Wrestling with Painting: Steven Frost
Steven Frost, An Audience & Lines to Speak, 2011 | Foam padding, pleather, straight pins, thread, 48 x 82 x 3 inches. Courtesy the artist.
Last Friday in Chicago, once crowds had abandoned the aisles of endless booths at the Art Chicago and NEXT fairs, the biggest opening in the city was the annual Thesis Exhibition at the School of the Art Institute of Chicago. (And as someone who was there last year, it's safe to admit the crowd this year had reached unparalleled size, making the crowd at Merchandise Mart look like a knitting circle.) The scale of the 2011 SAIC Thesis Show, and the number of MFA grads itself, had grown so immensely this year that, for the first time, two sites were necessary to exhibit all the work.
With our new MFA Annual currently on newsstands, we've had our eye on young MFA candidates for a while, and I was excited to take in some new work. Standing out from the pack were a group of artists (including Jesse Butcher, David R. Harper, Ivan Lozano, and Soo Shin) whose sparse — and spacious — group installation, The World is Not a Calm Place, was, in fact, a much-needed calm from the storm. Featured in the center, Steven Frost's installation of sculptural, fiber-based objects revealed subtle painterly qualities through the use of black sequins, pleather, and everyday materials.
Also featured at Swimming Pool Project Space in the GOFFO section at NEXT that weekend, Frost and I spoke this week about his practice, Lucha Libre, sequins, and BDSM (oh, and painting). More after the jump!
—Evan J. Garza, Editor-at-Large
Steven Frost, Successful Tributes, 2011 | Folding chair, acrylic screen printing ink, plastic fringe, pins, yarn, sequins, pleather, 18 x 38 x 6 inches. Courtesy the artist.
EJG: It was great meeting you in Chicago. I was excited to see your thesis show at SAIC. When I walked around that corner, without knowing very much about your work at all, it became really clear that through these materials there was definitely a conversation about painterly devices, painterly characteristics. Tell me a little about the work on view there.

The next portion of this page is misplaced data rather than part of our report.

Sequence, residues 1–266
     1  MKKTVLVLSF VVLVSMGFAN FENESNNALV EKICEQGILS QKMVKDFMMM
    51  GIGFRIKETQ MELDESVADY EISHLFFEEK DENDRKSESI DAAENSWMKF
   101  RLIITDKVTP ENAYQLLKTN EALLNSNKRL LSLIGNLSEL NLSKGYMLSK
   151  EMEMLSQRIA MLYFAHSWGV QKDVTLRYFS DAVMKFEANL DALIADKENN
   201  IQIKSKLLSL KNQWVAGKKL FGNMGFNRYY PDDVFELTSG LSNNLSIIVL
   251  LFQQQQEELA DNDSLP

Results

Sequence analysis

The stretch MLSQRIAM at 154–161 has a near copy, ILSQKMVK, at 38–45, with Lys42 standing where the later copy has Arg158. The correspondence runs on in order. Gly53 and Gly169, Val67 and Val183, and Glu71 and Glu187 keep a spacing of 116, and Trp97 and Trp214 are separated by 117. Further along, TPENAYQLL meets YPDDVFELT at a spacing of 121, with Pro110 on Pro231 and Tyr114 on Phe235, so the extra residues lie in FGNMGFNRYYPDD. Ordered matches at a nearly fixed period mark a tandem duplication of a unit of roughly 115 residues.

SF: Most of it came out of my experience last fall working on a movie project with a filmmaker, and he asked me to design some costumes for a film that he was making. I came across this guy who was a Lucha Libre costume-maker, and I ended up hiring him to make a couple masks for me, and then through having conversations about pleather and spandex. Then I started hiring him to make them for me for fun, and then had this weird collaboration…
After that I started reading more about wrestling, and thinking a little more about that in my work, and also wanting to take a lot of the work I’d been doing that still worked with a language directly coming out of painting. I was thinking more about that element of the spectacle, or the element of being engrossed by the materiality, to make that clearer to the viewer.
That work is really a combination of different kind of aspects of arenas of masculinity and queer action, some of the devices on the wall reference strange kind of BDSM devices or they could reference contemporary language of… devices that also [function as] objects and wall based works that have the potential to be tools…